Condemnations pour in after deadly France attack

Hend Kortam
4 Min Read

An attack on French satirical magazine Charlie Hebdo on Wednesday left at least a dozen people dead and sparked widespread global condemnations.

The deaths include four of the weekly magazine’s most famous cartoonists and two policemen.

A video by Premières Lignes news agency, shot from a rooftop of a nearby building shows the assailants carrying out the attack crying “Allahu Akbar” at one point.

In a recent cartoon, the magazine criticised the Islamic State of Iraq and Al-Sham (ISIS), in which it depicted a masked man executing the Prophet Muhammad and calling him an infidel. The picture is designed to look like the execution videos released by ISIS over the summer.

Charlie Hebdo’s editorial line is known for its widespread criticism on a range of issues, taking aim at many religions, and is not restricted to Islam. The magazine has been attacked once in 2011, also after poking fun at the Prophet Muhammad.

The French Ministry of Interior announced that it is raising alert to the highest levels in the Ile de France region, which includes Paris.

French journalist at Le Monde Alexis Duval told Daily News Egypt “it is our freedom of speech which has been targeted”. He added that it is “unacceptable and deeply revolting to see that Charlie Hebdo, a national satirical weekly newspaper, the victim of that bloody assault”.

Duval added: “It makes me think that now, in France, we have to struggle more than ever to be journalists and defend our fundamentally republican values and rights.”

The attack was carried out by at least two masked men dressed in black, according to a video shot from a closer range. They fled the scene in a black car immediately after, and are still at large. Attackers reportedly used “Kalashnikovs and a rocket-launcher”, according to sources close to the investigation cited by France 24.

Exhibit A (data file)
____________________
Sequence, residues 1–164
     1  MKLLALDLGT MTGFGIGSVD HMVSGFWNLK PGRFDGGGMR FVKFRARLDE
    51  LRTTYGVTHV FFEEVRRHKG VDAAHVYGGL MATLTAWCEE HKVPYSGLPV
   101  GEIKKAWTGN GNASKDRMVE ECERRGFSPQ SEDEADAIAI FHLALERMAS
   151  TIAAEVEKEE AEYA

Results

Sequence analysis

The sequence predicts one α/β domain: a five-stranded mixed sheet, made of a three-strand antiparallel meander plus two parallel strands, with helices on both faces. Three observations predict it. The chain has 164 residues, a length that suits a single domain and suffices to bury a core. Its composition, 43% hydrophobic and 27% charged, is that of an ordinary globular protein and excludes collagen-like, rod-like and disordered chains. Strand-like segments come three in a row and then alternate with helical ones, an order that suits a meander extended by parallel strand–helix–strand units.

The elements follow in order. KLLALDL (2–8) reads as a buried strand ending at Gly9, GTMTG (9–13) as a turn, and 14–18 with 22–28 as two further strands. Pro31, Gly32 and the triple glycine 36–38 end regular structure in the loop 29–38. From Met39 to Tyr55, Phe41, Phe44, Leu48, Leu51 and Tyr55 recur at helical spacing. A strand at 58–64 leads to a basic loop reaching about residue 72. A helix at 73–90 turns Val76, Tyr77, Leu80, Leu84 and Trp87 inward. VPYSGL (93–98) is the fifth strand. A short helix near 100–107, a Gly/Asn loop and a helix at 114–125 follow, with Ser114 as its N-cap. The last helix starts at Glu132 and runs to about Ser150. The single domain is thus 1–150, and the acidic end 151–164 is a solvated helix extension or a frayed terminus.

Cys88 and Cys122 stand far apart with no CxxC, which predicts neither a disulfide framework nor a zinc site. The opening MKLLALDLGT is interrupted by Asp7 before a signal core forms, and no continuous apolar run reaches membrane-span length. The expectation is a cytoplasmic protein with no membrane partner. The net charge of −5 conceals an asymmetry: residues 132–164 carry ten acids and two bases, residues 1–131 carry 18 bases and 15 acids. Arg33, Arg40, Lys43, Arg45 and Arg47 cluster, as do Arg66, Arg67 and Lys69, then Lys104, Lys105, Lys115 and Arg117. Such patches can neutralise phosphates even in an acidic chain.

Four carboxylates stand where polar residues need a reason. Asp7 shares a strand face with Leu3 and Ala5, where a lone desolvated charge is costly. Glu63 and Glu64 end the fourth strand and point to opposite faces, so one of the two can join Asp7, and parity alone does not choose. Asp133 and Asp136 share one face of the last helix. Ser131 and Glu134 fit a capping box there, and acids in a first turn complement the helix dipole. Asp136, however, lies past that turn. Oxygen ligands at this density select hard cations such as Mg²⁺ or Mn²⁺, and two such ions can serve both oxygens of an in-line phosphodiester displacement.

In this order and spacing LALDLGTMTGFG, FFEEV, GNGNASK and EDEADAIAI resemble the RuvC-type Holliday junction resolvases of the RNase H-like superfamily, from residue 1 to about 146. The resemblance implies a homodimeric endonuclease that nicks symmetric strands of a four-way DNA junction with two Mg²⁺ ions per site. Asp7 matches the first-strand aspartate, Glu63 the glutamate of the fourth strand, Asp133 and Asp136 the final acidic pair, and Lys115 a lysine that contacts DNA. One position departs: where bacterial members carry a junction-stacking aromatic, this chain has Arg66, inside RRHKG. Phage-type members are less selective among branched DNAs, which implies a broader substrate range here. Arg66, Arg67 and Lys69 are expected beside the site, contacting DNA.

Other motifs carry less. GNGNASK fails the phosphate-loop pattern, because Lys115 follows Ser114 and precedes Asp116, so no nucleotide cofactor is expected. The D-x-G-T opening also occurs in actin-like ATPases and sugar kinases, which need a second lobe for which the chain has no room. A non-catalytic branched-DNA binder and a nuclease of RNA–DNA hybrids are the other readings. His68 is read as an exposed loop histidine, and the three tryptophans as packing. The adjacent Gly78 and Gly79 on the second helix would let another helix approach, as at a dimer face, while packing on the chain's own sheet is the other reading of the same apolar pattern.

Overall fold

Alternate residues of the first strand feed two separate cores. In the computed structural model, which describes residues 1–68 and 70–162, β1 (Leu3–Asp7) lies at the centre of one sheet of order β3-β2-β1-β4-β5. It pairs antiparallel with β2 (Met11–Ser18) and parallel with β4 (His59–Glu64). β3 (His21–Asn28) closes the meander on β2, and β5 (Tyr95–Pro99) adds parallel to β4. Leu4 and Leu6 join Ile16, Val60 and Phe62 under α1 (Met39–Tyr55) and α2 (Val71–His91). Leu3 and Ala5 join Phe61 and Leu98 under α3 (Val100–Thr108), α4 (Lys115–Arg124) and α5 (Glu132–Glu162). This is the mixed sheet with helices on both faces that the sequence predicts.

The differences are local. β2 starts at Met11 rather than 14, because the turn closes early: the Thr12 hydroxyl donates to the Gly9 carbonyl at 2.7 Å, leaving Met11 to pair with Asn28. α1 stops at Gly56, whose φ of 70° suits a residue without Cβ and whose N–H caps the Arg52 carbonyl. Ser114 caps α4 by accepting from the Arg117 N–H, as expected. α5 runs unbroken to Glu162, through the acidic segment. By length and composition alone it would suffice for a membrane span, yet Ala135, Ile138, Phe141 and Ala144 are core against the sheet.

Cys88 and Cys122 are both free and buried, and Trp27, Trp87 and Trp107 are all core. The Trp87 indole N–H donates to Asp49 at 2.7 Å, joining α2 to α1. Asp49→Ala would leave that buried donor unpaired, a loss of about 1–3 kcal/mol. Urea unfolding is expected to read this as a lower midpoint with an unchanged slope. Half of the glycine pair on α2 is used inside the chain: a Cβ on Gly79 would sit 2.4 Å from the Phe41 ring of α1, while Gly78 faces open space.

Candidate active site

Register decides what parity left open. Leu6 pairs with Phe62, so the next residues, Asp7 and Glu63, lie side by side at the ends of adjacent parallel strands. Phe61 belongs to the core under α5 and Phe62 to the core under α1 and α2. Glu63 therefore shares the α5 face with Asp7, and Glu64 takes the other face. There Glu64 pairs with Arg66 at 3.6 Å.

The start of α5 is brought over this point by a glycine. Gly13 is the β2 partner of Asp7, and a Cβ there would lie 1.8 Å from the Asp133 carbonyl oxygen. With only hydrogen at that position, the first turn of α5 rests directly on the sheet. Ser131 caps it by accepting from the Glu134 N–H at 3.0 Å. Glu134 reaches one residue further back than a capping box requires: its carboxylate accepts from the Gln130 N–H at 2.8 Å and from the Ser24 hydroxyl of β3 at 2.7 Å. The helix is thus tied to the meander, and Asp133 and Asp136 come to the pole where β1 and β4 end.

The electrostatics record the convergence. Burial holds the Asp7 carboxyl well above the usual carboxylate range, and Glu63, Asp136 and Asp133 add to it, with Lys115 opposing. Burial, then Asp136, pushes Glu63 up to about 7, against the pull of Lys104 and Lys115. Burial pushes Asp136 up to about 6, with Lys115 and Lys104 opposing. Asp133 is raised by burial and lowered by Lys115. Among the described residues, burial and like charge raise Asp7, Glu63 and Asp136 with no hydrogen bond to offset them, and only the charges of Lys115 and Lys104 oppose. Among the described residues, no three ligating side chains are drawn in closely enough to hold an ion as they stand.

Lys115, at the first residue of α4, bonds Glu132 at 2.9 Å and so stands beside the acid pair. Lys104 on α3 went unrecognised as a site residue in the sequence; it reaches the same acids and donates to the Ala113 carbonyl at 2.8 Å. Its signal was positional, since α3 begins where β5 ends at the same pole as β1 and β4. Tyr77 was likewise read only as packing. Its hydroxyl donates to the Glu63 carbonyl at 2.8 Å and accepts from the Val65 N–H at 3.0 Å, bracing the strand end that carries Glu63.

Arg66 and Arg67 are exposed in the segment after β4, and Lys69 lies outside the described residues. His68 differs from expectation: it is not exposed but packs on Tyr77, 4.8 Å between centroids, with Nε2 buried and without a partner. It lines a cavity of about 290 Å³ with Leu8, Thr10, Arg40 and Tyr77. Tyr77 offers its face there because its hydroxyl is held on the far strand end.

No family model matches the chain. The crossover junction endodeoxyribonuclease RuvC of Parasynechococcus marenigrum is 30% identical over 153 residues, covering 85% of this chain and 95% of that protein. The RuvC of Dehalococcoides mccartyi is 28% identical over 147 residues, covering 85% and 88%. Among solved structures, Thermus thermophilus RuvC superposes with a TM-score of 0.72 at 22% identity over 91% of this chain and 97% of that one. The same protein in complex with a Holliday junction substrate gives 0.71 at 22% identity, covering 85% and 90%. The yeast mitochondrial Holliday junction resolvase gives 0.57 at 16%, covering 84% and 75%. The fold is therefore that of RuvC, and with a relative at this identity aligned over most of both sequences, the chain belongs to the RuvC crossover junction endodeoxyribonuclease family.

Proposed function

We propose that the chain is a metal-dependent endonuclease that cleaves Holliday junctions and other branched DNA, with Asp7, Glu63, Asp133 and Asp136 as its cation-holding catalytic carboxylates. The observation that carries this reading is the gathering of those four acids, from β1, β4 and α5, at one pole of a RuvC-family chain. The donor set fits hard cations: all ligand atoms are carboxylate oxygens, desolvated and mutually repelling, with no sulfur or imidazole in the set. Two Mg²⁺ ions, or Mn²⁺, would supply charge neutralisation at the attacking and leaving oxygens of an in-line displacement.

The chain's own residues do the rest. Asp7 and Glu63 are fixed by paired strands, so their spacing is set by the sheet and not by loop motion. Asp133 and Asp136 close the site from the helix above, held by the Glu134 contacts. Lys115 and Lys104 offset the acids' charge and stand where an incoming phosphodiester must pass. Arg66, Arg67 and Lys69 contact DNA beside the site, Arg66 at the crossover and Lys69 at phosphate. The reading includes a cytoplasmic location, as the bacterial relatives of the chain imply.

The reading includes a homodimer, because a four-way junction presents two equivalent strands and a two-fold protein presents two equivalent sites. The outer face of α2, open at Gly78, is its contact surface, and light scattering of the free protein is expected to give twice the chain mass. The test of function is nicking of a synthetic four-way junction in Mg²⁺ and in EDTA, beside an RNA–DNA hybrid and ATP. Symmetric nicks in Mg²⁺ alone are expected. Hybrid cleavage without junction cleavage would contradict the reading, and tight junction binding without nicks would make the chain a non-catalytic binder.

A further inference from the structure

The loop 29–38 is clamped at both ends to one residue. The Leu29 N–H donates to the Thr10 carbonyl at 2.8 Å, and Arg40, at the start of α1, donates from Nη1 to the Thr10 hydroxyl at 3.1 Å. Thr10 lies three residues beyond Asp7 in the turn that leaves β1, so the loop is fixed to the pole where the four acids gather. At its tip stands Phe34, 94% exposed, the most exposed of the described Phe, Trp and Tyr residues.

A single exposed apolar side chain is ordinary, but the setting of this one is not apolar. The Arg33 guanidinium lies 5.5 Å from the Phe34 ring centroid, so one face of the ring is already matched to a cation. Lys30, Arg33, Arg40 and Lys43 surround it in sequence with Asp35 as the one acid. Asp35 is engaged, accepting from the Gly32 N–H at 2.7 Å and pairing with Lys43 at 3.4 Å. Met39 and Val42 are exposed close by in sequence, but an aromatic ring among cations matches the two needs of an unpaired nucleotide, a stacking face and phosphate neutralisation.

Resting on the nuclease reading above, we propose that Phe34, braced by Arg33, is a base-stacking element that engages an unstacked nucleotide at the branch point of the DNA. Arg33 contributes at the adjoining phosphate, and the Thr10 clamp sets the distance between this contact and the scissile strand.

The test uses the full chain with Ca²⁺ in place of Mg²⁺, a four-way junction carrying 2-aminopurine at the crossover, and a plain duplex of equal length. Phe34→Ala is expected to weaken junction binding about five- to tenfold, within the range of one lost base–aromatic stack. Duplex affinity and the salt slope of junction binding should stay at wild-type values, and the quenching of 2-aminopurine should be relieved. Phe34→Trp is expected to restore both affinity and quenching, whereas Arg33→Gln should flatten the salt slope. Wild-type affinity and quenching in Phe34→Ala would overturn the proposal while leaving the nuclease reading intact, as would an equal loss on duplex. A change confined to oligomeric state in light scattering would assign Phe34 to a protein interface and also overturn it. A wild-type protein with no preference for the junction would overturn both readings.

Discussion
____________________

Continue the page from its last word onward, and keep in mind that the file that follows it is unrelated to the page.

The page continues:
Freedom of expression advocates have condemned the attack, with Amnesty International describing the attack as a “chilling assault on freedom of expression”.

Amnesty International France Director Stephan Oberreit said: “This is a dark day for freedom of expression and a vibrant press culture. But above all, it is an appalling human tragedy.”

Oberreit added: “Journalists under threat must be protected and allowed to carry out their work without fear of deadly violence.”

Additionally, the Committee to Protect Journalists’ Deputy Director Robert Mahoney said in a statement, “this is a brazen assault on free expression in the heart of Europe”.

Mahoney said: “Journalists must now stand together to send the message that such murderous attempts to silence us will not stand.”

French President François Hollande said on Twitter “no barbaric act will extinguish the freedom of the press”. He added that France is a united country that will react and be able to block these actions.

US President Barack Obama said in a White House statement: “Our thoughts and prayers are with the victims of this terrorist attack and the people of France at this difficult time.” He added that France and its capital Paris “offer the world a timeless example that will endure well beyond the hateful vision of these killers”.

Obama directed his administration to provide France with any assistance needed to bring the “terrorists to justice”.

From inside Egypt, Al-Azhar announced its condemnation of the attack.

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